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The Fuel

The fame goes to

I was never meant to be famous. I knew since I was born. But, I was meant to write, and whether I will publish or not, it was never up to me in the first place. It has always been a number of things at play in the universe and at times, I felt at odds with the whole world. I wrote since I could create words and composed sentences, for pure healing. I felt it was the sentence of my life and I may die never becoming a published author, but the process may lead me to a place of health and solace. 


The fame never belonged to me in the first place. It has always been for those who led me to a place of comfort and compassion. The un-named Indonesian lad who offered me Kopi Lewak at the compound at the base of Mt. Bromo in Java, who offered counsel and told me that the whole world was full of assault victims, and I should never be afraid of life. The stranger who told me that I will one day reach my destiny, in whatever form it may be, near the telescope at the wall overlooking Mt. Bromo, where God spoke to me and told me, "Enjoy your sunrise, as if it is your last."


The fame goes to the Ethiopian man who asked me for some sustenance in the middle of Central London, as I handed him a Larabar and he replied, "You deserve a Pulitzer prize," without knowing if I could even write. To the Briton in his tank top who kindly obliged to my request to share a table at a crowded Starbucks, so I could write out my busy thoughts before I dropped into sobs from symptoms of PTSD and Depression. To the Mayan little girl in Mexico, who negotiated on a fair price and convinced me to buy a pair of handkerchiefs to bring to America. Her skills touched my heart. They deserved all of the fame in the world, although the world was never kind to the random strangers who didn't fit into a mold of a model or a billionaire.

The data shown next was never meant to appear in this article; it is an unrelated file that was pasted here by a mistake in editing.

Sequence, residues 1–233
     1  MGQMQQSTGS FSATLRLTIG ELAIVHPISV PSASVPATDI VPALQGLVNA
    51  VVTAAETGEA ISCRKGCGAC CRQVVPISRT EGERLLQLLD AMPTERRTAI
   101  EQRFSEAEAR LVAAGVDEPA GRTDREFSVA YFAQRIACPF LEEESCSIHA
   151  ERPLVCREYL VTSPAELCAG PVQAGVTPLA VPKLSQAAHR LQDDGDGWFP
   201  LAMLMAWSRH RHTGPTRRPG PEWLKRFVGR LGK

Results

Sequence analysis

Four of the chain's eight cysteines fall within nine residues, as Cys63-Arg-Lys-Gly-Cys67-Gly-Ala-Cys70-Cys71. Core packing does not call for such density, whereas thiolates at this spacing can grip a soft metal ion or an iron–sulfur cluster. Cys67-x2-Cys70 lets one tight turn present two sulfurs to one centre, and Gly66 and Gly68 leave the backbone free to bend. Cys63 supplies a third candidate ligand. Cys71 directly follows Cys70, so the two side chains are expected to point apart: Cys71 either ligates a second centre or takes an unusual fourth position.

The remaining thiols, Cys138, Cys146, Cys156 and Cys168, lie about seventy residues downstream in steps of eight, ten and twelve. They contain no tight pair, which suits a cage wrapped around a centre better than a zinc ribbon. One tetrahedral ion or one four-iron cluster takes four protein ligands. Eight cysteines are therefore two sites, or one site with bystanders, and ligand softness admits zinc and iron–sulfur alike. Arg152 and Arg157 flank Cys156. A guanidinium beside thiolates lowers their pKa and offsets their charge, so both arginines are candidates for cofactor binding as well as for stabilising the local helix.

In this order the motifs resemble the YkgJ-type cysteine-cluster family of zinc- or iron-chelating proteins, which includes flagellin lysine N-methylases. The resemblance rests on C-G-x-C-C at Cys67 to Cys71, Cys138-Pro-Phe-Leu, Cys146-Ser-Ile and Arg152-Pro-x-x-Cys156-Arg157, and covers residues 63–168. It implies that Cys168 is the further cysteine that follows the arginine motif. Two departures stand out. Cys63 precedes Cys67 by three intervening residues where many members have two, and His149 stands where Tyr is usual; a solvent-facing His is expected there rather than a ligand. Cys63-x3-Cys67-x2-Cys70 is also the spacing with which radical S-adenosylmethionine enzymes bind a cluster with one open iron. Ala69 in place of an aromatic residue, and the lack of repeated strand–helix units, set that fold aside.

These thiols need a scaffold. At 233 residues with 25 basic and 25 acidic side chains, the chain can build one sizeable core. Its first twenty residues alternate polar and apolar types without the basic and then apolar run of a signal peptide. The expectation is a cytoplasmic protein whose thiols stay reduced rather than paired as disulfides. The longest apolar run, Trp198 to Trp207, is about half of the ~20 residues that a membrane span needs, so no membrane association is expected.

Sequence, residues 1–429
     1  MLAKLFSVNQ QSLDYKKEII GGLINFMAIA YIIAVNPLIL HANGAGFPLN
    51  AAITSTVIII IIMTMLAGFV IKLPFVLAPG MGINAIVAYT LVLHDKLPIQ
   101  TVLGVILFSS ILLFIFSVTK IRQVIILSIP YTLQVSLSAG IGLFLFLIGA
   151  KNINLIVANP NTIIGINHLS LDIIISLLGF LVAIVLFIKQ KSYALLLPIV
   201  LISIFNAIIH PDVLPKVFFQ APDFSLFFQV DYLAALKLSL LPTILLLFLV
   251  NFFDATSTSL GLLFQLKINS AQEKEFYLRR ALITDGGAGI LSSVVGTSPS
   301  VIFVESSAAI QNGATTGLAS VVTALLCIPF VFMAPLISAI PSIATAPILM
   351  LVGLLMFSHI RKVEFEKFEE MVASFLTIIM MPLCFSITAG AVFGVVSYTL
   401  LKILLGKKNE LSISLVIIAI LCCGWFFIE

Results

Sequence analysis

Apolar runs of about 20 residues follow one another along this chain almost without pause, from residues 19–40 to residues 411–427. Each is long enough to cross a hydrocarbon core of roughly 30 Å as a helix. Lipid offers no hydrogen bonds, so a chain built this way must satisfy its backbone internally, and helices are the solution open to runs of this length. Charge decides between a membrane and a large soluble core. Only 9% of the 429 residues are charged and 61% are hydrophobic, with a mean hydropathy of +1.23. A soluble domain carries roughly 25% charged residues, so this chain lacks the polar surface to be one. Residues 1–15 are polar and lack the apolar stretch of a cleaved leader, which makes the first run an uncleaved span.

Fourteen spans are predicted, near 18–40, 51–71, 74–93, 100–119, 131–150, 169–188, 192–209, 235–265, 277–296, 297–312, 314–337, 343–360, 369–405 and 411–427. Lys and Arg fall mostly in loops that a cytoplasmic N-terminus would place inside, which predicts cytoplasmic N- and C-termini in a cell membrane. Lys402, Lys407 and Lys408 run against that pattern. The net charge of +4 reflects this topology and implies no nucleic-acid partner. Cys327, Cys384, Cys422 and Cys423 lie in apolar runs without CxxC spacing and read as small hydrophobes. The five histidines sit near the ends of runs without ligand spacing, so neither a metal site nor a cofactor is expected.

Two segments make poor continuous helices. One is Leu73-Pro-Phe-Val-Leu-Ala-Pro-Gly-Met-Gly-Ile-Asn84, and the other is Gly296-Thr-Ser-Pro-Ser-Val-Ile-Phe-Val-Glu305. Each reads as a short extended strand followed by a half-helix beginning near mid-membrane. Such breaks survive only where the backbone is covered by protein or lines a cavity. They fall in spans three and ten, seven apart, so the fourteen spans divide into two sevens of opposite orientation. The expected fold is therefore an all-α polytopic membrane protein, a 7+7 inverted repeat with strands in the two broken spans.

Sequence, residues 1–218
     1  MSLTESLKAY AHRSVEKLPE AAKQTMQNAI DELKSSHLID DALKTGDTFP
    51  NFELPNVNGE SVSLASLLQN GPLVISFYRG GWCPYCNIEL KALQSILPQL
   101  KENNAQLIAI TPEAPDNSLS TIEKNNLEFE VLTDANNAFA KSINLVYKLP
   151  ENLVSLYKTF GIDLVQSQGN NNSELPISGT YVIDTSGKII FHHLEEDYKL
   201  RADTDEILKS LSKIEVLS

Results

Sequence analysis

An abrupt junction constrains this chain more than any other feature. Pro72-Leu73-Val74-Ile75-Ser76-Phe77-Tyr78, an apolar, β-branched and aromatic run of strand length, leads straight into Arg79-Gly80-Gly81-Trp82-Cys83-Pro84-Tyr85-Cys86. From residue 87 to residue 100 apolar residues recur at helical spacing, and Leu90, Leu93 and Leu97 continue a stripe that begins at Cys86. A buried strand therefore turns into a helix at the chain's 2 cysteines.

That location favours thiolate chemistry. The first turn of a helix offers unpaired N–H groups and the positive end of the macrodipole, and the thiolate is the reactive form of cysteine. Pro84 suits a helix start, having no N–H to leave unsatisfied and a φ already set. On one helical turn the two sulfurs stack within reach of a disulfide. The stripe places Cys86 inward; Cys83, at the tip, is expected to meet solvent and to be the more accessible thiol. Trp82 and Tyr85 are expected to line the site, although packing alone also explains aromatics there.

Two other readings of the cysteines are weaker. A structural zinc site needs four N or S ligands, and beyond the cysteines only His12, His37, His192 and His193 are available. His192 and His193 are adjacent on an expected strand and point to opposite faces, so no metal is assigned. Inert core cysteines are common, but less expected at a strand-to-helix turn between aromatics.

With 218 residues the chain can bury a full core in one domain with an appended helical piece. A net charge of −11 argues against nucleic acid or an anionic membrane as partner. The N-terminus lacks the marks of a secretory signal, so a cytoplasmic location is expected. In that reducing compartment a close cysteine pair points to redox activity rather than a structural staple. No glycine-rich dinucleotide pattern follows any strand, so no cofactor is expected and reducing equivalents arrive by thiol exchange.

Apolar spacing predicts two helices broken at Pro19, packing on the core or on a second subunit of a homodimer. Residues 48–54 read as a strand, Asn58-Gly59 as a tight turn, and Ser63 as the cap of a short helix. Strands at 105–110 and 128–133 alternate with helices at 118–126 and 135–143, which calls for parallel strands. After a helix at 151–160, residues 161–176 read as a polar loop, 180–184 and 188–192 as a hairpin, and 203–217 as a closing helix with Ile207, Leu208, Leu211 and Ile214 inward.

The fame goes to my friend Kristin who showed me a rainbow patterned men's brief boxers with a goofy picture of an Afro-Puffed man near the groin area. Her comedy came in a blonde bombshell full of suprises. To Sarah Schantz, the author of FIG, whose craft inspired me to become raw and honest leading me to a steady flow of juices of creativity. The fame belonged to the volunteers at homeless shelters all across the world whose self-less devotion meant confidence in humanity. 


There were plenty of famous people worldwide, if we could look closer, that I never asked for fame, instead I lived it because I was already the apple of God's eyes. That even if I were to die in my sleep, I would die happy, knowing I wrote for 15 minutes in full honesty of my heart. Never regretting the path of how I got here, because it was not entirely my own doing, but through good works and faith, I was led to a peaceful life. 


The fame goes to the millions of artists, carvers, painters, illustrators and designers who worked behind the scenes, enjoying their art unfold without the barrage of media and publicity. Their earnest patience and humility nobled the process of artistic value. Their love without the selfish desire for attention created authenticities grounded to the soil, for their blood, sweat and tears. 


The fame goes to the legions of victims of racism, including myself of the assaults, all across the universe. We deserve a voice to be heard, for every sorrow we endured and every heartaches we overcame. Writing it all down as investigative reports to God.


And so, I will write, not for fame or glory, but to heal and for all fairness in life that I deserved; because of the scars upon my back, my heart, my mind and my soul. It was my destiny.


Novels, short stories, verse or poetry, psalms, lyrics (yes, I sing), or chicken scratch, I was meant to.


The fame goes, to you, O dear reader. 


I love you. Just write. 

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